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Need Writers Be Well-rounded?

July 23, 1989

I am so sorry that May Sarton's newest book is being subjected to the harshest of criticisms. The book is both lyrical and lovely. The persons and feelings Sarton creates flow as naturally from her pen as does the ocean's tide, and they are every bit as real. She has a way of making the daily progression of occurrences and emotions universal. It is not only her characters who feel a certain way about the death of a friend, growing old, or the companionship of a beloved pet; we all do. When Caroline, her friend of many years, dies, Harriet says, "I feel as though the whole geography of the island on which I live has been changed." Sarton's thoughts resonate within us long after they are read.

Katherine Forrest objects to the protagonist's ignorance (read, "density") of certain social and political issues of our time. No one knows better than Harriet herself the life she has led and what she is confronting for the first time now that she has opened her bookstore. She has, as she says, been "shocked into consciousness" on many fronts: "At 60 I seem to be learning a lot, chiefly learning, in fact. Growing up! It may appear humorous to some people, people who tease me about my innocence, but it makes life extremely interesting. What more can one ask at 60?"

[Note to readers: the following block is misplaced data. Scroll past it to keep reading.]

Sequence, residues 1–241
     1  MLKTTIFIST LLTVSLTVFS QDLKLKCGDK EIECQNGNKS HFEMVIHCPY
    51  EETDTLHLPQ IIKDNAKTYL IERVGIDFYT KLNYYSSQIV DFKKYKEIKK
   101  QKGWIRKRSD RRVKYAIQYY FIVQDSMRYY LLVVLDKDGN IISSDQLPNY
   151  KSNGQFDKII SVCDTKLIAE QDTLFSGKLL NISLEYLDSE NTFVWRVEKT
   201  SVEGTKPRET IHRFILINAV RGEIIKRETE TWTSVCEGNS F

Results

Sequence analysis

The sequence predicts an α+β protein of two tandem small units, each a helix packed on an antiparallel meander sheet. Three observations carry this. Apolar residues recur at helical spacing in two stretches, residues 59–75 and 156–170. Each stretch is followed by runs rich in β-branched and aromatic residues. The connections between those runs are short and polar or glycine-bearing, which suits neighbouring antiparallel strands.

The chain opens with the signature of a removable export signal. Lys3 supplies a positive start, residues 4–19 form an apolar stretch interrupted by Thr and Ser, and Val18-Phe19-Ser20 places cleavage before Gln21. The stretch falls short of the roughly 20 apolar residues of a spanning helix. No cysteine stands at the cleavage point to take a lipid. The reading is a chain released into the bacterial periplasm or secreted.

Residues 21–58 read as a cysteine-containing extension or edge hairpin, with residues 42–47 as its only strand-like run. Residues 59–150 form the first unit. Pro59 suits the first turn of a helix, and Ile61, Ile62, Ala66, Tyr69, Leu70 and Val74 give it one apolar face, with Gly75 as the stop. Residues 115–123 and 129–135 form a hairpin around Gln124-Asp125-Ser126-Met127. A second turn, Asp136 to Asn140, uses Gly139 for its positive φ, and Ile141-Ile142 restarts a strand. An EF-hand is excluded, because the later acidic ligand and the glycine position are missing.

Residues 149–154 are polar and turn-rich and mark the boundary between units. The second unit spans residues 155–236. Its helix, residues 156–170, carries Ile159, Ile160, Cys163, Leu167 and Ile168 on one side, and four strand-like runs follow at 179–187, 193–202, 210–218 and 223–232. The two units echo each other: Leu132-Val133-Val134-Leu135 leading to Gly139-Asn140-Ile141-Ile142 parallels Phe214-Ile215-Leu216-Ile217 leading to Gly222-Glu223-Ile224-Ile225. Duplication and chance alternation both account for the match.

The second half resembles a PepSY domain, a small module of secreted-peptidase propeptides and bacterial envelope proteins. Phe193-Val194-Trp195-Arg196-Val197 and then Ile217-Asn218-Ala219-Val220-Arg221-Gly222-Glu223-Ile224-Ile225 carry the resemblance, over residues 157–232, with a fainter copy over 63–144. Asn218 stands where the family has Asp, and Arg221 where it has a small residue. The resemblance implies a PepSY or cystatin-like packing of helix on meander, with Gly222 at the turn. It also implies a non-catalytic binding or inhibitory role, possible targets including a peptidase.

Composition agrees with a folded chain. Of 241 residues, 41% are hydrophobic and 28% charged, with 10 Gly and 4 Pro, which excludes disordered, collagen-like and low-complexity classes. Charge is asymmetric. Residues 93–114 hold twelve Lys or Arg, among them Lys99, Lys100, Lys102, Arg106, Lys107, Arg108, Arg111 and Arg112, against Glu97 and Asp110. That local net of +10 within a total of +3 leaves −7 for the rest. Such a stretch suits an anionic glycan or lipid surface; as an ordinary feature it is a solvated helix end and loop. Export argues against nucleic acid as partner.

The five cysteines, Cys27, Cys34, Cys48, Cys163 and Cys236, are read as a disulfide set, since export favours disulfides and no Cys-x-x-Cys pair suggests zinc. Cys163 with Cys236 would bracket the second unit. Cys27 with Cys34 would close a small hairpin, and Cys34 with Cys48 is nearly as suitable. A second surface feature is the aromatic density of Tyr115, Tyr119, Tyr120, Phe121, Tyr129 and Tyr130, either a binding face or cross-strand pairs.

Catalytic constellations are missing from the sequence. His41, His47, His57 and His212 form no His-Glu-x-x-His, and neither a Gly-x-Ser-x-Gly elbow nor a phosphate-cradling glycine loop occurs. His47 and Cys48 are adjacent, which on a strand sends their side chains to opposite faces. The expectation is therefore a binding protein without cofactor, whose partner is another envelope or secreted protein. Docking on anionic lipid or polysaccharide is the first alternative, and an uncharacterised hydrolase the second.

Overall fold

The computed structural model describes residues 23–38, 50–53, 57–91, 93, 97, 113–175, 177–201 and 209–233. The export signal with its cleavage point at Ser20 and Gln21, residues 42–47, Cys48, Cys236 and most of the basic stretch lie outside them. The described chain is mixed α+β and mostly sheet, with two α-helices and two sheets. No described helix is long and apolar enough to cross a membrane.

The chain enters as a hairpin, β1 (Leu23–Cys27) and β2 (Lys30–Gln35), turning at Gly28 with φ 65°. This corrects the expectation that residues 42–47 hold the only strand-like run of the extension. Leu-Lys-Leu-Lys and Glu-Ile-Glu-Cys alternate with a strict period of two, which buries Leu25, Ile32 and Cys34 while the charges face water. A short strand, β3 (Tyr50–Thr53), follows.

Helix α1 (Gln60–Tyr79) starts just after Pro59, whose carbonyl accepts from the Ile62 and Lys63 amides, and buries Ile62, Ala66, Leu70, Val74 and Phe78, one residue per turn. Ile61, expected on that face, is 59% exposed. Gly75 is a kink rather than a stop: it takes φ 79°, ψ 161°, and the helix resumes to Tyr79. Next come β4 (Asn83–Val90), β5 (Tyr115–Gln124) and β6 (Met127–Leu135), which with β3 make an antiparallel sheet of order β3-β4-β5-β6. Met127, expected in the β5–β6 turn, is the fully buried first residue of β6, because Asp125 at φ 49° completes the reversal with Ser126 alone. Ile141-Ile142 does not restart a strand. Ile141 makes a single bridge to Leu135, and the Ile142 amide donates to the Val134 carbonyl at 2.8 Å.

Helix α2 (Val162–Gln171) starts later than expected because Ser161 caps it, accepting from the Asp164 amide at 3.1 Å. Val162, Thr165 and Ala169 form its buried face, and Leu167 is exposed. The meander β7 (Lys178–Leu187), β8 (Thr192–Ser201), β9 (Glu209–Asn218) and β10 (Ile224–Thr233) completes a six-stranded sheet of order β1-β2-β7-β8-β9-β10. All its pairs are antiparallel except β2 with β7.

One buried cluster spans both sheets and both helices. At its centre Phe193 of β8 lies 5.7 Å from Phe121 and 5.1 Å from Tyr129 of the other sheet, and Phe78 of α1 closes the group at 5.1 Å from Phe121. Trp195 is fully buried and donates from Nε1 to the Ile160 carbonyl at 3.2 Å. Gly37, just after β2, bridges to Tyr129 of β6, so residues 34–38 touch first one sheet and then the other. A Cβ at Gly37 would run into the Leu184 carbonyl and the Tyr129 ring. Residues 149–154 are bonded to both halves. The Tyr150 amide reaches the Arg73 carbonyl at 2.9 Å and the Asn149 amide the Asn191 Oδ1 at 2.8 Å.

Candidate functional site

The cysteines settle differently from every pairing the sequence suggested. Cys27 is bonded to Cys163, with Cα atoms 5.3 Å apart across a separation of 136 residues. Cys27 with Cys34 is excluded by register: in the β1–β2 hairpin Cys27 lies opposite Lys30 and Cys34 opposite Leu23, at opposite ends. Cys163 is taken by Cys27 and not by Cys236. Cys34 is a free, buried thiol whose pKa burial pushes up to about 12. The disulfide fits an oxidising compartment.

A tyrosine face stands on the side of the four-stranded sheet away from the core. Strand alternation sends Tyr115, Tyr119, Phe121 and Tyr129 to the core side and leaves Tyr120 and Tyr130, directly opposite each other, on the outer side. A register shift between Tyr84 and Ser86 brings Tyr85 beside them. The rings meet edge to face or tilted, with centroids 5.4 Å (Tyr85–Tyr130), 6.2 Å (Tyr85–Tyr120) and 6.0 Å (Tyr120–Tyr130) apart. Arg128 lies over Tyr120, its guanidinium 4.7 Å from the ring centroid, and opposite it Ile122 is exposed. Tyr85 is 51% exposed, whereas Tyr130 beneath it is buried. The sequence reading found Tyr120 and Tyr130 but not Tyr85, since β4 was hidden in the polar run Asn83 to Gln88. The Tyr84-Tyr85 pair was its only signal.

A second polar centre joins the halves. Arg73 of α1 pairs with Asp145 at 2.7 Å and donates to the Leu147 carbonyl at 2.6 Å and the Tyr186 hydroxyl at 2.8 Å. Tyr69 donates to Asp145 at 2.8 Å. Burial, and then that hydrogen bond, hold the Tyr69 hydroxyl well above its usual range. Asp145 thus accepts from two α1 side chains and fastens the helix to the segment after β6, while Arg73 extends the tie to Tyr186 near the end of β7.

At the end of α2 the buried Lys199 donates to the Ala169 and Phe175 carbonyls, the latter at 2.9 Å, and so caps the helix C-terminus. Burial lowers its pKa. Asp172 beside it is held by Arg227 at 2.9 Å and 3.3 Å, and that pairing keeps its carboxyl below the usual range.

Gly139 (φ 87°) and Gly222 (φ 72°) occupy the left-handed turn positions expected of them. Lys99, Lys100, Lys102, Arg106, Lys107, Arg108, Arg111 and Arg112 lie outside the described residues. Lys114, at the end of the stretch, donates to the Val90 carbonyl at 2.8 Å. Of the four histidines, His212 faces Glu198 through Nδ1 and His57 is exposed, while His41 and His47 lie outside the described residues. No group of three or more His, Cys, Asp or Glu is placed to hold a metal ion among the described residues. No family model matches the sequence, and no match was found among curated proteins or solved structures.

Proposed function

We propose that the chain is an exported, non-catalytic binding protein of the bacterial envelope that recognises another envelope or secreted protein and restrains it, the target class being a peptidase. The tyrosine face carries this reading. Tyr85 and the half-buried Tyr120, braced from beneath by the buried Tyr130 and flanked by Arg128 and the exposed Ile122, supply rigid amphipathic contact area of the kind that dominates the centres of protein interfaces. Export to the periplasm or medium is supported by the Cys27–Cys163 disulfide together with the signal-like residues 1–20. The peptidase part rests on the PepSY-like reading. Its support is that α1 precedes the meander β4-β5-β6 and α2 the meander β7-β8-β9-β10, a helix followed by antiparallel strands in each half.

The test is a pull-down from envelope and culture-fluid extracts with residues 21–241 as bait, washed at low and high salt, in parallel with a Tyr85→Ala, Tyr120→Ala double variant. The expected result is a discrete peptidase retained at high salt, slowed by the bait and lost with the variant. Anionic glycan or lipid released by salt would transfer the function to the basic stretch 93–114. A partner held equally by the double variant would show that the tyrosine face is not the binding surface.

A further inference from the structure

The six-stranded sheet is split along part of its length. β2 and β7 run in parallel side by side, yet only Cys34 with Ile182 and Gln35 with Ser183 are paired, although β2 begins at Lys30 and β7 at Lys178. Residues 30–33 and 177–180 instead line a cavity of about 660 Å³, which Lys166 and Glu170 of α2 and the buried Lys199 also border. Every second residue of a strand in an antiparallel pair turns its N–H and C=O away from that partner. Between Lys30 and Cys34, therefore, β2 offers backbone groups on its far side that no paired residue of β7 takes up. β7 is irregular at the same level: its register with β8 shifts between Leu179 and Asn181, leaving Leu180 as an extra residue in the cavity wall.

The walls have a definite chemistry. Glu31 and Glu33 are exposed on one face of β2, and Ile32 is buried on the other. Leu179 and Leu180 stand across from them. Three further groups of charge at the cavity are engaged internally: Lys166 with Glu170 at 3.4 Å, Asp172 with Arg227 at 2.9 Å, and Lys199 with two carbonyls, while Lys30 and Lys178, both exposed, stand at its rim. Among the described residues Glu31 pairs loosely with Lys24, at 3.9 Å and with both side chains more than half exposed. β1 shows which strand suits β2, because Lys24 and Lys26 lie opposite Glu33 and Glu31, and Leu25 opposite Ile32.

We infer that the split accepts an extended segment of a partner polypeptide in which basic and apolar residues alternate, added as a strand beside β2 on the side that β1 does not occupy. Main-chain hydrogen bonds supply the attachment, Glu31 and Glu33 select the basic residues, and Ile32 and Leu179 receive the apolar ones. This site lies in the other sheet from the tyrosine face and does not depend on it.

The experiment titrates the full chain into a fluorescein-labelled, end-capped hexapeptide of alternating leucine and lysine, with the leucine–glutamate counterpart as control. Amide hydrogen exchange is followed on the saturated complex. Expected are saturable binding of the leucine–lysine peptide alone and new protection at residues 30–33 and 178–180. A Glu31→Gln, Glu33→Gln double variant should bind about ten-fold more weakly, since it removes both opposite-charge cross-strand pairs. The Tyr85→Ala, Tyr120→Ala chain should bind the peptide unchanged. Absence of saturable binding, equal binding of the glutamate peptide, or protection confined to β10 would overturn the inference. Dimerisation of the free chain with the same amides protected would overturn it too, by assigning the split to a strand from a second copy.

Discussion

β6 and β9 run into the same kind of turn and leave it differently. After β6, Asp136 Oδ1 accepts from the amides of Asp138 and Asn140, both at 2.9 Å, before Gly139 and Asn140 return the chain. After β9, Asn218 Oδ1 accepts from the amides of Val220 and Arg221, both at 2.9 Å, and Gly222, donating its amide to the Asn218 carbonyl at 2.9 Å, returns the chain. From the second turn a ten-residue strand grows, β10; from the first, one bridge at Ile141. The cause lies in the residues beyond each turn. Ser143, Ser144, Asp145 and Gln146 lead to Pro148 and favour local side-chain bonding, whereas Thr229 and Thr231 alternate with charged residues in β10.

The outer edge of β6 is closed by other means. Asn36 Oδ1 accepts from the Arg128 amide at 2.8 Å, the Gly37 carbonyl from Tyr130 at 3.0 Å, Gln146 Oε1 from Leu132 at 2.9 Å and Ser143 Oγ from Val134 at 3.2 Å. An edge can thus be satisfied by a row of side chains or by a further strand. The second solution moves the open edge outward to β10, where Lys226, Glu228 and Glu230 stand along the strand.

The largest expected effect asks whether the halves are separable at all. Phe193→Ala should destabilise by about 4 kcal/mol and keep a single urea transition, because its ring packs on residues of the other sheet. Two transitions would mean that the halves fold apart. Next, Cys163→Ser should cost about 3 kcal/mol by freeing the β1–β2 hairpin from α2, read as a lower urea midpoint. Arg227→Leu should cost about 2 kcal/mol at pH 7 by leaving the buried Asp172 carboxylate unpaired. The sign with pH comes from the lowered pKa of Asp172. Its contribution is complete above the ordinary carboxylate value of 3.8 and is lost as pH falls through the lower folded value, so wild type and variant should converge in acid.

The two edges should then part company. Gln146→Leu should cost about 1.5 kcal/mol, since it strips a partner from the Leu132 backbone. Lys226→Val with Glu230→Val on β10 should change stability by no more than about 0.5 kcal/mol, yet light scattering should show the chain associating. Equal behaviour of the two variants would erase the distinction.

Indeed at any age. So sincere is the belief in her own growth, in both the fear and determination with which she comes out of one world and into another, that Forrest's judgment, her refusal to accept Harriet's emotions and experiences as plausible, let alone real, are unsettling and unnecessary. Read for its richness, for its wondrous telling of a story of a life, "The Education of Harriet Hatfield" is an education for us all.

LAURIE B. REESE

LOS ANGELES

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